The East Screen 11 articles

The East


The East Poster
  • This is sort of an action film, with The East planning their activities with “Ocean’s Eleven” meticulousness, but there’s no punch or suspense to these sequences. Benji and the gang come off like the same kind of idiots as the animal activists led by Brad Pitt in “Twelve Monkeys,” but there’s no joke intended.

  • This absurdly superficial and tendentious drama, directed with no distinction, wastes a superb cast in the interest of self-righteous attitudinizing... A few action scenes offer baseline suspense, but the story, the context, and the characters are all stuck at the surface of the filmmakers’ proud intentions.

  • Batmanglij and Marling are the cinema's foremost adapters of stoned college freshman conspiracy theories. I also cannot believe a film would actually, earnestly depict that old parable of both hell and heaven being filled with utensils that people cannot use, but that in heaven everyone feeds each other, and expect people to do anything but let their eyes roll until the end of time.

  • The narrative arc is identical [to Sound of My Voice]—the straight-laced protagonist loses her resolve and comes to sympathize with the strange, messianic group—and the activist characters are so sketchy that they seem just like the cultists from Voice.

  • The structure suggests slow indoctrination, but Marling's writing and acting are so opaque that her character's decisions come off as completely arbitrary. She excels at expressing guarded determination, but seems incapable of expressing doubt, which robs Jane — and the movie — of any sense of dramatic urgency. Lacking depth or motivation, she is more plot device than protagonist.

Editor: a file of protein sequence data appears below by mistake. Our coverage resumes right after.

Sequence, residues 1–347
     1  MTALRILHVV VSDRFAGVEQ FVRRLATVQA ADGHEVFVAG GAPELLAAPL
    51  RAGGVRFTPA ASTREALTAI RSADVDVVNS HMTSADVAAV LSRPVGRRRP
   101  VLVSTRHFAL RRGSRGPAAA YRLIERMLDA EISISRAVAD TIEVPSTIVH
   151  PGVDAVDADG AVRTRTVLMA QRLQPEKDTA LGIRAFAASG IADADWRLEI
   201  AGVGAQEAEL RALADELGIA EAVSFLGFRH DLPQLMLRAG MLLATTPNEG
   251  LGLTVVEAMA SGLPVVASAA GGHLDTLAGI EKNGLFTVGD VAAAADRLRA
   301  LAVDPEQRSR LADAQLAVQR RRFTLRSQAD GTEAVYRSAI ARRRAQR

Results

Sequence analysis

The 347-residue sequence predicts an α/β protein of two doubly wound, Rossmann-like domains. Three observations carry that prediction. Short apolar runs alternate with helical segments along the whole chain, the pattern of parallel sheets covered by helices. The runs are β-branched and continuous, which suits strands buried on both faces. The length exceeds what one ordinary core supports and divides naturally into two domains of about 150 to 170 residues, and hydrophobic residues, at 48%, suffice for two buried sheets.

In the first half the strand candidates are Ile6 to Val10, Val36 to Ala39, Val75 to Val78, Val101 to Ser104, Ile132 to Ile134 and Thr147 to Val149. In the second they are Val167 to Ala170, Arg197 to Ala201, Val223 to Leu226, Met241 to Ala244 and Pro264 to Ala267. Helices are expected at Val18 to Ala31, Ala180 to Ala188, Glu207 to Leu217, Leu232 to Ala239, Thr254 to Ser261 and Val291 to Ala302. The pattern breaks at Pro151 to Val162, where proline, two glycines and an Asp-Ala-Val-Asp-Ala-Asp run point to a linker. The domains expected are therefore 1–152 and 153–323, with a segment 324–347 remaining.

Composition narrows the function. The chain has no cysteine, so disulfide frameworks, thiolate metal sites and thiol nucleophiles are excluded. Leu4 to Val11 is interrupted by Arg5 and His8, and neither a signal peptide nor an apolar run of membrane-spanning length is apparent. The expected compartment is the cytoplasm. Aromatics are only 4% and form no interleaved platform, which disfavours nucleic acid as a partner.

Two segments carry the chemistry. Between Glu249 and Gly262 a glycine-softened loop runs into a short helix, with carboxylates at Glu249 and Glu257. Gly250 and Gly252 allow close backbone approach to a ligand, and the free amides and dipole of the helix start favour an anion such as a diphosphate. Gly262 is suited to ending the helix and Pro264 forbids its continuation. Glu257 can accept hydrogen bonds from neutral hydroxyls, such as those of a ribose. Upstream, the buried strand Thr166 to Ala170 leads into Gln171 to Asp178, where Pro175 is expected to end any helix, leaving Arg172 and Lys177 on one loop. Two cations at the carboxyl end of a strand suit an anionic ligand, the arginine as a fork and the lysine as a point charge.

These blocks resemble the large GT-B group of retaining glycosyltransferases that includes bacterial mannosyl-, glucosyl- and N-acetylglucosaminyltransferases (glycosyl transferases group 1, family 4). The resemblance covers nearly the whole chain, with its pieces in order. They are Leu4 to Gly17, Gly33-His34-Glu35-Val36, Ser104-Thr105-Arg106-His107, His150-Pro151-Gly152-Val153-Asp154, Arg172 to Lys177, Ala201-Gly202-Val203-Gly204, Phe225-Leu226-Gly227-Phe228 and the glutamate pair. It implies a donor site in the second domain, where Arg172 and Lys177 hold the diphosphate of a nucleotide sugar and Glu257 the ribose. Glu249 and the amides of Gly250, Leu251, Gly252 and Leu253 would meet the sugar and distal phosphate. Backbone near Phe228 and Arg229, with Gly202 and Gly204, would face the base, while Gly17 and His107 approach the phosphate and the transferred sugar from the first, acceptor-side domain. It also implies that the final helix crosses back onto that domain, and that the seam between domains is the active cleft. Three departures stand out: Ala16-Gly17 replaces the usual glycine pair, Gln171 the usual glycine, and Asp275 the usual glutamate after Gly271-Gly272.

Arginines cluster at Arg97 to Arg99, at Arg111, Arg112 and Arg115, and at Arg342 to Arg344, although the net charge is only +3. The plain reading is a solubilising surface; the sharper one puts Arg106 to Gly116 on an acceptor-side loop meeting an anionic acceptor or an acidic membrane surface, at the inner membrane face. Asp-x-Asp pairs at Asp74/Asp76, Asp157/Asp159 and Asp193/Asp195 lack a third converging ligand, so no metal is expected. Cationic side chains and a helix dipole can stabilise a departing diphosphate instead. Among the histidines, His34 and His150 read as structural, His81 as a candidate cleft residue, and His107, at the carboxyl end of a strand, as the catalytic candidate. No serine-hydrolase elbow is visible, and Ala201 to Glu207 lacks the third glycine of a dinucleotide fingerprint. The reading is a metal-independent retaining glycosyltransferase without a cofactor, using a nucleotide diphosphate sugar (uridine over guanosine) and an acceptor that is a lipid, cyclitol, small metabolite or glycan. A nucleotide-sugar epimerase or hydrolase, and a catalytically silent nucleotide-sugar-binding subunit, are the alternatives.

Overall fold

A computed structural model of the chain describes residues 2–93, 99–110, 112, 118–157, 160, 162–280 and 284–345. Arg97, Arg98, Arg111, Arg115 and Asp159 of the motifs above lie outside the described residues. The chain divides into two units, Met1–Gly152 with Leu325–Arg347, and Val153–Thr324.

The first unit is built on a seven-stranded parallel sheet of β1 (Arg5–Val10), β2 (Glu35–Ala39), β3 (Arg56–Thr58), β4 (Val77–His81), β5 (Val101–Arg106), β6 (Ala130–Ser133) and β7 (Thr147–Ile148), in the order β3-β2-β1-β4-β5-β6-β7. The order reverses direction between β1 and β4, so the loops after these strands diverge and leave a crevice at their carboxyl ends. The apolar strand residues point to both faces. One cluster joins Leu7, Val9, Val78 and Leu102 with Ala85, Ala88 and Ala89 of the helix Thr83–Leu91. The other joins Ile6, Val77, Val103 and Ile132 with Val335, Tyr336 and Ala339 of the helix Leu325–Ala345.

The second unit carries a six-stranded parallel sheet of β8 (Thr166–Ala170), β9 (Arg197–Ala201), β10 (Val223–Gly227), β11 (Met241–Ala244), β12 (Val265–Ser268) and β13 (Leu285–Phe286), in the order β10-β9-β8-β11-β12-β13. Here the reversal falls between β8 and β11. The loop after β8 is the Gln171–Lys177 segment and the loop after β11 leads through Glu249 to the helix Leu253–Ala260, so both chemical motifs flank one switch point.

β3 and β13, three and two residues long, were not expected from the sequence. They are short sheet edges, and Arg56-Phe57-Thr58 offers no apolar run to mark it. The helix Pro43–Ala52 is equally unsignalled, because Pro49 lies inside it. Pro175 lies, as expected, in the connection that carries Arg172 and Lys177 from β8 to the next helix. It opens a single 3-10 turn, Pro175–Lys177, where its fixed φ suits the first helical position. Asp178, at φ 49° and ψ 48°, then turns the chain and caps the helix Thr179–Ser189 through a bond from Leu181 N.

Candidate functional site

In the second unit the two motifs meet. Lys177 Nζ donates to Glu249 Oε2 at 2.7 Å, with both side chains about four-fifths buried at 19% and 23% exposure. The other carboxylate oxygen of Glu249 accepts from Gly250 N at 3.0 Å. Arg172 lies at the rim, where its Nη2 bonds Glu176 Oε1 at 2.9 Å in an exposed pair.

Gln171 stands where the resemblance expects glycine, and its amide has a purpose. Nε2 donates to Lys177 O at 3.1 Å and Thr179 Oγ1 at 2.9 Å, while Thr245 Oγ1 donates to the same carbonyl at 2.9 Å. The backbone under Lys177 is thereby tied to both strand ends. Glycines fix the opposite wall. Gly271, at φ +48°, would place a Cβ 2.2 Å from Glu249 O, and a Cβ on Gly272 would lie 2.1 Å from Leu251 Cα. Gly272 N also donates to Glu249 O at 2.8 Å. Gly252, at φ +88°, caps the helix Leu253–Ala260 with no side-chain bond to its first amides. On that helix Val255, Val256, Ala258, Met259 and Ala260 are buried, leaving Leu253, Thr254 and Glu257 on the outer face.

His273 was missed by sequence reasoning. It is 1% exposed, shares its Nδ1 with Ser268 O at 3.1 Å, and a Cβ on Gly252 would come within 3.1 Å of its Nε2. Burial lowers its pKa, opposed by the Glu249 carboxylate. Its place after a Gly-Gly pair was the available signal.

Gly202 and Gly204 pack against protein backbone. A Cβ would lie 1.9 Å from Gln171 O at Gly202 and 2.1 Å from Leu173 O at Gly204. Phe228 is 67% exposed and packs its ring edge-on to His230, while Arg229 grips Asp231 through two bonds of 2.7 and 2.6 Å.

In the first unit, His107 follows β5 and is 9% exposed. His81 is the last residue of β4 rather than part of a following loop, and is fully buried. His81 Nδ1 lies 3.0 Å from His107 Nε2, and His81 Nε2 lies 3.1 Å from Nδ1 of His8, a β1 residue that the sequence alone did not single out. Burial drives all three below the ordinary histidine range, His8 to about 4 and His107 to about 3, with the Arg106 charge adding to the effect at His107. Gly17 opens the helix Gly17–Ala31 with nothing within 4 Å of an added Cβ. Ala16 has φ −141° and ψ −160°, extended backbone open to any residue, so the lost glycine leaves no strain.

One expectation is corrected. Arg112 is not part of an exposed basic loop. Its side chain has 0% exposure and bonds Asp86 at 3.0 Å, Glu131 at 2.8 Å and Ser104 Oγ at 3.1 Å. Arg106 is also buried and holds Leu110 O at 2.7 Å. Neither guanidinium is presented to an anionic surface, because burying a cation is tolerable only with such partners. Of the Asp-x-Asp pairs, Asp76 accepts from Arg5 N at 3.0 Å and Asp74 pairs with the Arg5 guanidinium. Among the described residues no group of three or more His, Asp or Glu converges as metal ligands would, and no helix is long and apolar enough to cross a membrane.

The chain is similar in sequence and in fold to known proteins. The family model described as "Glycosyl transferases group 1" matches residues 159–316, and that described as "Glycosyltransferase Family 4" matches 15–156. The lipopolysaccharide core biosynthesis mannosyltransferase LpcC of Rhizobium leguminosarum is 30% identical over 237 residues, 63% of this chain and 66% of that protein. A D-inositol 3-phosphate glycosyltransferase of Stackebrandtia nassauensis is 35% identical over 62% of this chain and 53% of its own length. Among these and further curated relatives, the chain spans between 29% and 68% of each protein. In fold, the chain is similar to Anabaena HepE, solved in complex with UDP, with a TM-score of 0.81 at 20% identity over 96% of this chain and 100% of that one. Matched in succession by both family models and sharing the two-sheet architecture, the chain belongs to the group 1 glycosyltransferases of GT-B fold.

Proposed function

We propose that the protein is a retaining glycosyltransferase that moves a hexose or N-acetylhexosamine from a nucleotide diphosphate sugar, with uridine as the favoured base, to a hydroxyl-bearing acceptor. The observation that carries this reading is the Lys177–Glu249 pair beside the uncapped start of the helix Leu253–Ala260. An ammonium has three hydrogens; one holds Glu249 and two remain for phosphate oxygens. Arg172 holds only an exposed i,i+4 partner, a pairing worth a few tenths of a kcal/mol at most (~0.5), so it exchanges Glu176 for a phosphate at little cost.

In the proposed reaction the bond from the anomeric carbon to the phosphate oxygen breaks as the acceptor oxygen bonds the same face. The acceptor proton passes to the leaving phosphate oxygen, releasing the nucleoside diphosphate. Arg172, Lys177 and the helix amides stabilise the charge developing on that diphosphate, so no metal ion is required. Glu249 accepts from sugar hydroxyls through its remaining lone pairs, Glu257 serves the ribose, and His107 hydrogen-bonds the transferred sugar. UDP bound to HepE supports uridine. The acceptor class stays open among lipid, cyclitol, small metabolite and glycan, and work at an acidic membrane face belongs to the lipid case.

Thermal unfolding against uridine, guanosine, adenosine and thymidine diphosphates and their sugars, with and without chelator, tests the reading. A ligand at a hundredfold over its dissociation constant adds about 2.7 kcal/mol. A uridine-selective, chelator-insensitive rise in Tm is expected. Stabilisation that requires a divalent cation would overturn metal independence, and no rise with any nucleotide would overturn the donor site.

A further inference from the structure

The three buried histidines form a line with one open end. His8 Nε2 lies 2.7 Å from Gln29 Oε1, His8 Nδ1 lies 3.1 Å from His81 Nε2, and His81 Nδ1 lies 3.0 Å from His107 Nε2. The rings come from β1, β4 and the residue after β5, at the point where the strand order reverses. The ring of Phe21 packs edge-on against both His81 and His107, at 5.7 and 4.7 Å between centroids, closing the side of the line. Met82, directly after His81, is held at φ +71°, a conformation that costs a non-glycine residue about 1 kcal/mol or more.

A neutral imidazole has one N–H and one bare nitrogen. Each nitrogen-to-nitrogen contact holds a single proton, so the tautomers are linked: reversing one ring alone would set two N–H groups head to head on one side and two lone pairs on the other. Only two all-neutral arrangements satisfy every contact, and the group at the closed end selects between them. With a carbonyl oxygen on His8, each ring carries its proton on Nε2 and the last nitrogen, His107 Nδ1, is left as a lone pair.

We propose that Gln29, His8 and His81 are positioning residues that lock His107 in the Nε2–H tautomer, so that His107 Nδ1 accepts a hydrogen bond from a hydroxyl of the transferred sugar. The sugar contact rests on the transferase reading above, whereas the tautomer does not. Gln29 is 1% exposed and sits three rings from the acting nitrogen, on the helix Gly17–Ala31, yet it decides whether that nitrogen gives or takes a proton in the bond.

• While lacking some of the nuance that made Sound of My Voice so distinct, Marling and Batmanglij have managed to produce one of the most smartly written undercover thrillers in recent years. The East doesn't redefine the genre, but a strong cast, polished direction, and absorbing story make it an impressive effort nonetheless.

  • The East may not have the rough charm of Sound of My Voice (serious budget inflation has a way of doing that), but the film, if you can temporarily suspend disbelief, is still the kind of rock-solid intelligent entertainment that has become all too rare.

  • ...If The East loses a little steam on the grounds of action mechanics (a skill these plots always require), it’s never dumb on the subject of covert allegiances. Coming in our moment of recent domestic terror, the movie has a boldness in diving into the whys of political violence. These activists aren’t clowns, even if they sometimes bicker like a disorganized family.

  • Ultimately I think the story could do with a clearer and more passionate point of view; it’s as if the icy, rational detachment Marling projects as an actress also defines the worldview defined by the script and Batmanglij’s directorial choices. But at its best “The East” comes close to being the morally murky film about anti-corporate resistance that we (or at least I) have been waiting for.

  • The mix of radicalism, naïveté, and forest-bound sex flirts with the absurd. But Marling and Batmanglij have an interest in rituals and devotion and the accompanying exploitation of belief. As artists, they're not dissimilar from an idiosyncratically talented filmmaker like Shane Carruth. But they appear to enjoy the power of storytelling.

  • This sleek, smart enviro-thriller is a more commercial movie from Marling and director Zal Batmanglij than 2011 cult study ‘Sound of My Voice’. But its morally ambiguous investigation of extreme left-wing politics is still light years away from usual multiplex concerns.

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